Tuesday, 10 January 2017

Was Jesus عليه السلام Resurrected from the Dead? (Part 2)

Continuing from the previous post, the reader should understand that according to the Mosaic Law, a person who is executed by hanging, such as being hung on a cross or a tree, is accursed by God: “And if a man have committed a sin worthy of death, and he be to be put to death, and thou hang him on a tree: His body shall not remain all night upon the tree, but thou shalt in any wise bury him that day; (for he that is hanged is accursed of God;) that thy land be not defiled, which the Lord thy God giveth thee for an inheritance.” (Deuteronomy 21:22-23, KJV)
This is why Paul of Tarsus claims that Jesus was cursed (God forbid): “Christ hath redeemed us from the curse of the law, being made a curse for us: for it is written, Cursed is every one that hangeth on a tree” (Galatian 3:13, KJV)
Christians, by arguing that Jesus of Nazareth was put to death on the cross, have no choice but to admit that Jesus in his person became “accursed by God”, as Paul of Tarsus boldly asserted. Yet this is precisely the reason why Jews reject Jesus as the Jewish Messiah and Lion of Judah, because they allege he died an accursed death, and regrettably the Christians who are supposed followers of Christ confirm their ruthless allegation.

Contrary to Jews and Christians, Muslims believe that Jesus was the true Messiah and according to God’s promise, was saved from an accursed death. According to the Book of Psalms, it is clearly written that far from being killed by his enemies or cursed by God, the Lord God will save his Messiah:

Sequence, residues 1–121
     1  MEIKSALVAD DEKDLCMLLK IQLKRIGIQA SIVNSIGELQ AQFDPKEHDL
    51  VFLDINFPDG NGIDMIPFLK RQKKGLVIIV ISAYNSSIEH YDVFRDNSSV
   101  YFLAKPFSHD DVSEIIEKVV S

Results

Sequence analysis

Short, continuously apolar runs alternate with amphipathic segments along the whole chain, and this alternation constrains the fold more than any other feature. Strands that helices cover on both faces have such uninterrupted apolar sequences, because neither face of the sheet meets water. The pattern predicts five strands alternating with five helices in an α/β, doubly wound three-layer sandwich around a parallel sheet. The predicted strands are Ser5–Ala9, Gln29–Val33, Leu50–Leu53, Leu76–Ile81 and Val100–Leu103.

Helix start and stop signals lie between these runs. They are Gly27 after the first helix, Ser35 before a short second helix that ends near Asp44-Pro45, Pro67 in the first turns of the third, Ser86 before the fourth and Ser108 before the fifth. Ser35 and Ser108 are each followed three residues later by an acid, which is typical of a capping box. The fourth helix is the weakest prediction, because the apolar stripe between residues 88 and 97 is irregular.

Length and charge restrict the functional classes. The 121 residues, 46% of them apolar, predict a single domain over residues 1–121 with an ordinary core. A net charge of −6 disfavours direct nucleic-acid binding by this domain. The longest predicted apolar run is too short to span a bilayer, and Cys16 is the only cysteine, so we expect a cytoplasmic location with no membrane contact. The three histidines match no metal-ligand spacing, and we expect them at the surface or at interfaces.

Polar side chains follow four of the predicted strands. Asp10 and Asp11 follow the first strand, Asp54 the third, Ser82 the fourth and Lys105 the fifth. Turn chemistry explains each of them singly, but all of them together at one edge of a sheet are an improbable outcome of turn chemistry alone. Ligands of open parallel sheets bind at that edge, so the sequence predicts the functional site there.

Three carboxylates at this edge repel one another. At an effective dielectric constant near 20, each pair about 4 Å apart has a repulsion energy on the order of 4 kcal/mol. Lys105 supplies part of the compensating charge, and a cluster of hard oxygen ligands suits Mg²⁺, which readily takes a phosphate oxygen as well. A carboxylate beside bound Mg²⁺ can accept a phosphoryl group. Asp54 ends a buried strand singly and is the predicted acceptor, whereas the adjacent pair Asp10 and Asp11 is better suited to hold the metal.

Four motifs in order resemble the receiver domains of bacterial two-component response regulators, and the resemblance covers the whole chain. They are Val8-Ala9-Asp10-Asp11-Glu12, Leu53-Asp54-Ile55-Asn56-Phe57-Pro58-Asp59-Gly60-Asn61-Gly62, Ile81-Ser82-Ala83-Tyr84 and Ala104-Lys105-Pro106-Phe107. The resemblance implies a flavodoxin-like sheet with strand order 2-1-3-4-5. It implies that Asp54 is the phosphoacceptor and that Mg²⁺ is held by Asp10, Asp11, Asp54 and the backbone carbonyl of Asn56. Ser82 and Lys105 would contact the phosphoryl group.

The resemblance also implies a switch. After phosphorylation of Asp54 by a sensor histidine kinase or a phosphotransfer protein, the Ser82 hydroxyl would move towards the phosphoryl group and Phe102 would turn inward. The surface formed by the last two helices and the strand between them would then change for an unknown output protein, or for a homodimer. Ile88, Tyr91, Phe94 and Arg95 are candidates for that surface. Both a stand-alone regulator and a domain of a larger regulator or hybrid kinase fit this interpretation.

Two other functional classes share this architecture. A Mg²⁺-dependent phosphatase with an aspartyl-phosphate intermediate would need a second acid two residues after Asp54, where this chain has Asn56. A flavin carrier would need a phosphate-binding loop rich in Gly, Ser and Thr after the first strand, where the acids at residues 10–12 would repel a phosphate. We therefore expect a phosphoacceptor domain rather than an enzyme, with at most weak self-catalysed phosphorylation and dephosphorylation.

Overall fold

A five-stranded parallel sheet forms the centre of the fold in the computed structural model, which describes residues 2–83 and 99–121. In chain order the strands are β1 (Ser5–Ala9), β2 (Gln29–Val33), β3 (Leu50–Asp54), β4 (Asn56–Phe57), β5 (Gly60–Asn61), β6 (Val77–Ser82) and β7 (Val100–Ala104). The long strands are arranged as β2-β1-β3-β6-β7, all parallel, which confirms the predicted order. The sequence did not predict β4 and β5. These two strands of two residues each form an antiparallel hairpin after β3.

עַתָּה יָדַעְתִּי--    כִּי הוֹשִׁיעַ יְהוָה, מְשִׁיחוֹ:
יַעֲנֵהוּ, מִשְּׁמֵי קָדְשׁוֹ--    בִּגְבֻרוֹת, יֵשַׁע יְמִינוֹ.
“Now know I that the LORD saveth His anointed [Messiah]; He will answer him from His holy heaven with the mighty acts of His saving right hand.” (Psalm 20:6/7)
According to the Gospel of John, Jesus stated that his betrayal by Judas Iscariot was prophesied in the Scripture: “but that the scripture may be fulfilled, He that eateth bread with me hath lifted up his heel against me” (John 13:18). The quote is found in Psalm 41:9 “Yea, mine own familiar friend, in whom I trusted, which did eat of my bread, hath lifted up his heel against me.” Therefore, Christians consider Psalm 41 a Messianic prophecy and relating to the person of Jesus. However, a fuller examination of that particular Psalm, which Christians themselves admit and cite Jesus’s own statement as a prophecy relating to him, reveals that God promised to deliver Jesus from an accursed death on the cross. The entire Psalm has been reproduced here: